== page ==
TRENTON – A bill sponsored by Senator Richard J. Codey which would expand New Jersey’s efforts to combat steroid use among students was unanimously approved by the Senate Education Committee today.
“While we want to encourage our student-athletes to be the best they can be, steroids are not the answer,” said Senator Codey, D-Essex. “The health risks of prolonged steroid abuse are well-documented, but whether it’s peer pressure or the bad example set by some professional athletes, too many students still take the risk. Keeping kids away from steroids should be one of the State’s top athletic safety priorities, and this bill would go a long way towards that end.”
The bill, S-834, would codify into law a number of recommendations made by the Governor’s Task Force on Steroid Use and Prevention, as well as some of the provisions of the Governor’s Executive Order 72 – both of which were adopted by then-Governor Codey in 2005 to begin to address steroid abuse by younger athletes. The bill would require the Department of Education and the New Jersey State Interscholastic Athletic Association (NJSIAA) to establish a program of random steroid testing of student-athletes who qualify to compete in championship tournaments.
It would also require coaches at the public school level and the nonpublic school interscholastic level to set up programs for their teams to reduce the use of steroids and performance enhancing supplements. The programs would also emphasize healthy nutrition and exercise, would warn students about the dangers of drug and alcohol abuse – including the health risks of steroid and supplement use and abuse, and would provide students with information and strategies to avoid peer pressure and stay drug free. The NJSIAA would run an annual workshop for all public and nonpublic middle school and high school coaches on steroid and performance enhancing supplement prevention in order to give coaches the most current information and best strategies to keep their athletes drug free.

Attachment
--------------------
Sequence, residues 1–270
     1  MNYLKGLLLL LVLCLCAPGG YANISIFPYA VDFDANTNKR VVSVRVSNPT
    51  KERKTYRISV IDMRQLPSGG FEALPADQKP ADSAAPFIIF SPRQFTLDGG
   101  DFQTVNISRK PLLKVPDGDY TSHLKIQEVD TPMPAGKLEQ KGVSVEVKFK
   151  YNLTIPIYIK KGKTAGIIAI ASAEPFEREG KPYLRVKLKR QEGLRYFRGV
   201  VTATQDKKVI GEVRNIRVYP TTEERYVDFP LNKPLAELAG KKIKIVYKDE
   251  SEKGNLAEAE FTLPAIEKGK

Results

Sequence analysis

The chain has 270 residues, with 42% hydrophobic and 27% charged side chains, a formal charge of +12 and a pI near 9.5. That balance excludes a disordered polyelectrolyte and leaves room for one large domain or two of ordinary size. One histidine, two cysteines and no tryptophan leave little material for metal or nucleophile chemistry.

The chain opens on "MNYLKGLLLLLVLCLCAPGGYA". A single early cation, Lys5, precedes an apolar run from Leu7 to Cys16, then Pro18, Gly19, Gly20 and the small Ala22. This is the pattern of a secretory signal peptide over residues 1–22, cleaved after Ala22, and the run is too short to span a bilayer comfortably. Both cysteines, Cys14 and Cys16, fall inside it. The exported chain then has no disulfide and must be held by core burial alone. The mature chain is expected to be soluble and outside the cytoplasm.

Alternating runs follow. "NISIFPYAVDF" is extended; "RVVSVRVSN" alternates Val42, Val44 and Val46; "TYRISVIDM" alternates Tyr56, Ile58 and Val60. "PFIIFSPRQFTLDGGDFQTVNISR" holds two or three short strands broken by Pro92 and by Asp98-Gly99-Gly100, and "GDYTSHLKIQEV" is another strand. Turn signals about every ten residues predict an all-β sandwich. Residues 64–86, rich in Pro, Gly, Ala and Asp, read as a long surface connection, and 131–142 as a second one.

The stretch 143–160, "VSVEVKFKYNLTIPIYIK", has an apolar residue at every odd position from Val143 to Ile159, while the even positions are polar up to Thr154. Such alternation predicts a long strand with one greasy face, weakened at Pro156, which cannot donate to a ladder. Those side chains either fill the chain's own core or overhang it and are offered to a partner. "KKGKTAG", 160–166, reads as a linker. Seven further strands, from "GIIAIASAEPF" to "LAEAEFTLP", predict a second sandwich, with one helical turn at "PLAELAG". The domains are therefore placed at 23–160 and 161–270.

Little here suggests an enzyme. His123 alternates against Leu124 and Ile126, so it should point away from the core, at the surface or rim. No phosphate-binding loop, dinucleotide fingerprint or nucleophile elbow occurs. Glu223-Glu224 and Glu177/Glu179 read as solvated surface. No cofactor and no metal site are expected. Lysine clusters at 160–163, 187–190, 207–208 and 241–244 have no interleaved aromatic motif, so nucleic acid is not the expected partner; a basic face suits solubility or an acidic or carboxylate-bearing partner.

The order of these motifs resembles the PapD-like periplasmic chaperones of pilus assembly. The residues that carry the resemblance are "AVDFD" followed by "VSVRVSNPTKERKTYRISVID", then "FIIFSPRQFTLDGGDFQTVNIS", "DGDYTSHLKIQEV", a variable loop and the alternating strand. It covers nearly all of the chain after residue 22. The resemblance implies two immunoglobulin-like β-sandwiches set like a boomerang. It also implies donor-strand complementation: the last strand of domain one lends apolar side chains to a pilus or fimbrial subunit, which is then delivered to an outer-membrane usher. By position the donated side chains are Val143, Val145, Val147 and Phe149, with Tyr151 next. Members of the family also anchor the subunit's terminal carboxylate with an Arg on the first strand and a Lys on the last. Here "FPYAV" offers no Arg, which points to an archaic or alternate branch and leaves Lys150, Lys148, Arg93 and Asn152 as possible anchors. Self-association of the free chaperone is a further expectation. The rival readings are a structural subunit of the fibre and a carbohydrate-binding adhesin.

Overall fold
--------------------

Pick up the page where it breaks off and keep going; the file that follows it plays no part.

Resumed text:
“Sometimes, the best person to empower kids to stay healthy and steer clear of drugs is their coach,” said Senator Codey, who coaches a travelling basketball team in West Orange. “Coaches have a responsibility to teach their athletes more than just the fundamentals of the game, and especially since they’re involved in training student-athletes, they’re sometimes best-positioned to identify steroid abuse early and help put a stop to it. This bill clarifies a coach’s responsibility to his team to help them avoid steroid abuse, and gives them the tools and training they need to get through to their kids.”
Finally, the bill would expand the State’s public outreach regarding steroid abuse in schools. The bill would require the NJSIAA to include anti-steroid and anti-performance enhancing supplement advertisements in any brochure, pamphlet, program or book distributed or sold at school sporting events in New Jersey. The Governor’s Council on Alcoholism and Drug Abuse would be required to prepare an instructional poster which would be displayed in school gyms and locker rooms, warning of the potential health risks of steroids and the penalties for their use and possession.
Through the legislation, “Steroid Awareness Week” would be established in schools as a week in September to educate the general student body about the dangers of steroid abuse and begin discussions on healthy strength-building methods and how to interpret the labels on dietary supplements marketed for performance enhancement. The Department of Education would be required to provide information and materials concerning the prevention of steroid abuse and performance enhancing supplements on its Web site. And the State Board of Education would be required to review core curriculum standards to ensure that students are properly educated about the health risks of anabolic steroids and performance-enhancing supplements.
“The best weapon we have to prevent steroid and supplement abuse is information,” said Senator Codey. “Often, student-athletes cannot recognize that the consequences of steroid abuse – both in terms of legal consequences and long-term health risks – far outweigh the superficial benefits. By expanding our public outreach in schools across the State of New Jersey, we’re equipping all students – not just athletes – to make better decisions for themselves and their futures when it comes to steroid and supplement use.”
The bill now heads to the full Senate for consideration.